Butler to the World

by Oliver Bullough


Bullough is, if nothing else, a great storyteller. His story of the British financial underworld focuses less on its sheer magnitude (4000 GBP in fraudulent money passes through the UK for each person in it) and more on its hidden quirks (private prosecutions are Butler Britain’s correction mechanism), but it’s very entertaining. It paints a picture for you that, if accurate, is telling.

Scottish Limited Partnerships, shell companies in the British Virgin Islands, Gibraltar’s gaming industry (soon to be crypto), London’s sheltering of Russian-backed Ukrainian energy tycoons, and the use of private prosecutions as Butler Britain’s corrective mechanism all have their time in the limelight. For each, the same story: lax British policies let criminals hide in plain sight.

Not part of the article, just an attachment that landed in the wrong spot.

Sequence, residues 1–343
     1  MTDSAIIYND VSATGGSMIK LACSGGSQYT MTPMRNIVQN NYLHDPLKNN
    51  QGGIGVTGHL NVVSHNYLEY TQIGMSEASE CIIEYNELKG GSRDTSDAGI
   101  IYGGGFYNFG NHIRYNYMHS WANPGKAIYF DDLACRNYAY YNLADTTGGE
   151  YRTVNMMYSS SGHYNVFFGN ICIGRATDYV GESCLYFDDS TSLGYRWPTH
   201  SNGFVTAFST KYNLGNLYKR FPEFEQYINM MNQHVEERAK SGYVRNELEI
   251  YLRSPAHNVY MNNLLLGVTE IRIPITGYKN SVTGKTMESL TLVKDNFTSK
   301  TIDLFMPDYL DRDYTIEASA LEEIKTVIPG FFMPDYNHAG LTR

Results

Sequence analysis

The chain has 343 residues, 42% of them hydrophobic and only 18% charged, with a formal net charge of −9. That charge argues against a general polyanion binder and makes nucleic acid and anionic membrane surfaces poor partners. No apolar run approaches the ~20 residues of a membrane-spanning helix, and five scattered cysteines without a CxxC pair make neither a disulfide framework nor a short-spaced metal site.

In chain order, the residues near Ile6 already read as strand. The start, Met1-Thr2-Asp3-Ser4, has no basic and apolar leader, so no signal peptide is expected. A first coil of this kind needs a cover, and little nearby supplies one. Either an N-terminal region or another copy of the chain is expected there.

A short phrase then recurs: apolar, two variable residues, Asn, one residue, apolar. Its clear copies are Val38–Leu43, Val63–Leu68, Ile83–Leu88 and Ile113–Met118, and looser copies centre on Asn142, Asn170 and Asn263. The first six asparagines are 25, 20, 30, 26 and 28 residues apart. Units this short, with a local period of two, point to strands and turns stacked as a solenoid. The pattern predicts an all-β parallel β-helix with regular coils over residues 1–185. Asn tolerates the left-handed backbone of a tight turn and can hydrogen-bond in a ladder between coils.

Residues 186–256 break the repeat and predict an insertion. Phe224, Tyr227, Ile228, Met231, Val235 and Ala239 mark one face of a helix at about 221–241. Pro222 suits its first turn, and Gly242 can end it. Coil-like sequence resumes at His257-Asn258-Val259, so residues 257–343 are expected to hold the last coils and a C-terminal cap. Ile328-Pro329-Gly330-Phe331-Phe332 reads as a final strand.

The author’s contempt for the ‘men of the City’ pierces through, but this does not detract immensely from his analysis. Rather, it opens the door for funny quips targeted at the British pseudo-aristocracy. He opens with a mention of his brief stint at a butlering school and switfly being kicked out. This landed, while others fall somewhat flat (a mention of his poor interview with Parliament & his uncombed hair and not-fitted suit).

(Apparently those who ran the Bank of England in the 1960s didn’t even attend universities! They were just Eton boys, ‘public schoolboys’, who controlled the levers of financial power and paved the way for lax restrictions on financial practice on this side of the Atlantic.)

This book is neither meant to give policy prescriptions nor shower the reader with facts and figures of British financial crime. It’s a good story, a well-researched one at that.